Vibration and Mechanical Shock: The mechanical components and assembly of the UTS are designed to survive the vibration and mechanical shock that is commonly encountered in the heavy truck and off road vehicle environment. The UTS is also designed to withstand in-transit drop shock that can occur during shipping and handling of the device. The UTS will function without degradation of the operating parameters when exposed to these stimuli. (SAE J1455 4.9, 4.10)

Spray Wash The mechanical packaging of the UTS is designed to withstand exposure to high pressure spray wash commonly used for washing vehicles. The UTS will remain sealed and physically intact with no degradation of the operational parameters. (SAE J1455 4.5)

Drop Shock The UTS is designed to survive a fall during handling and installation without degradation of the operational parameters of the device. (SAE J1455 4.10.3.1)

Environmental Requirements

Chemical Exposure: The UTS is designed to withstand exposure to common automotive chemicals present in the underhood environment without degradation of operating parameters. (SAE J1455 4.4)

Salt Spray Resistance: The UTS is designed to withstand exposure to a solution of water and salt that can commonly be encountered in coastal regions or in colder climates where road salt is used. Salt exposure will not degrade the operating parameters of the UTS (SAE J1455 4.3).

Temperature and Humidity Exposure: The UTS is designed to withstand the temperature and humidity extremes encountered in the underhood environment. The UTS is capable of surviving exposure to temperatures between 40 and 125 C. and a relative humidity between 0 and 100%. (SAE J1455 4.1, 4.2)

Gravel Bombardment and Dust Ingress: Dust and gravel are common particles found in the operating environment of heavy truck and off-road vehicles. The UTS is designed to withstand exposure to these particles without degradation of the operating parameters of the device. (SAE J1455 4.7)

PCB/PCA Design

This section explains the details of the electrical hardware (PCB/PCA) design for the “sinking” versions of the UTS.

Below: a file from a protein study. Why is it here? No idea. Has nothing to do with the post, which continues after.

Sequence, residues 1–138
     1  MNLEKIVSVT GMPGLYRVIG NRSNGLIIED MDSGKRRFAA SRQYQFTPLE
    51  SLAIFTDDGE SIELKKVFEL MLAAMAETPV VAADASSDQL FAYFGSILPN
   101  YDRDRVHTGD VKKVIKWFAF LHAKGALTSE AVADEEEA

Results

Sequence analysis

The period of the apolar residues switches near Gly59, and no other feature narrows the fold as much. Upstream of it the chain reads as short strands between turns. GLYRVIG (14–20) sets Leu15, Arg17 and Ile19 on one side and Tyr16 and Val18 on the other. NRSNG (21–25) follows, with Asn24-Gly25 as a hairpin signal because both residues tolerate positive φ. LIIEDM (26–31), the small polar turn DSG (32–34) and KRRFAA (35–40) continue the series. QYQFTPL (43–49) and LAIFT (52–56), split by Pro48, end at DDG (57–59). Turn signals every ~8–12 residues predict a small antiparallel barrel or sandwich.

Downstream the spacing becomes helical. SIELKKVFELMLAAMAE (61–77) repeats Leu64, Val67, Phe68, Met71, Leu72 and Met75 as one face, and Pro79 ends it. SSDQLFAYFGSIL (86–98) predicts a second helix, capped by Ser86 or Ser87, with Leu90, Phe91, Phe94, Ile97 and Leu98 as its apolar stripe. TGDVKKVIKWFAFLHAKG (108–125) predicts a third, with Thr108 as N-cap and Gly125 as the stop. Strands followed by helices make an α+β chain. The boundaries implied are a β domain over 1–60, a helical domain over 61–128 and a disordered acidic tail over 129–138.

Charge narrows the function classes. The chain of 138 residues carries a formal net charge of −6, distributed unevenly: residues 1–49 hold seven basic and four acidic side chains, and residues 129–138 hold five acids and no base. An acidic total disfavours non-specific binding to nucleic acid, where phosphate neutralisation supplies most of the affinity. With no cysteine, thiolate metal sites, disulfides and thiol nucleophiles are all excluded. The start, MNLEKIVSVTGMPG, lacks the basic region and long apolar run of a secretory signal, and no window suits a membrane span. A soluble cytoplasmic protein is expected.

GLOSSARY OF TERMS

FET—Field Effect Transistor. A solid-state device that switches the current flow on or off.

PCB—Printed Circuit Board. Bare circuit board prior to mounting components.

PCA—Printed Circuit Assembly. The PCB with all the components mounted, or assembled.

Physical Envelope

With reference to FIG. 7, the UTS uses a 0.062-inch thick six-layer PCB 64. The board outline is fairly complex in order to match up with the housing and header. The PCB is designed to mate with either an integrated header, or with a wire-lead header. The notch 66 in the upper right corner of the board provides clocking for the integrated header design.

The small tip 68 is designed to provide good thermal transfer from the tip of the housing to the thermistor 42 that is mounted on the tip. The thermal transfer is aided by having thermal grease or epoxy injected into the tip of the housing before the UTS printed circuit assembly (PCA) is inserted into the housing. The tip of the board is designed to be wide enough so that the board will hit the housing before the thermistor can come into contact with the housing.

With reference to FIG. 7, the right end portion 70 of the PCB 64 is designed to fit inside a plastic header, while the central portion 72 and distal tip 68 of the PCB is designed to fit inside the brass housing. The switch is designed to have the header filled with epoxy, while the remainder of the PCB is left unfilled.

Thermal Isolation and Response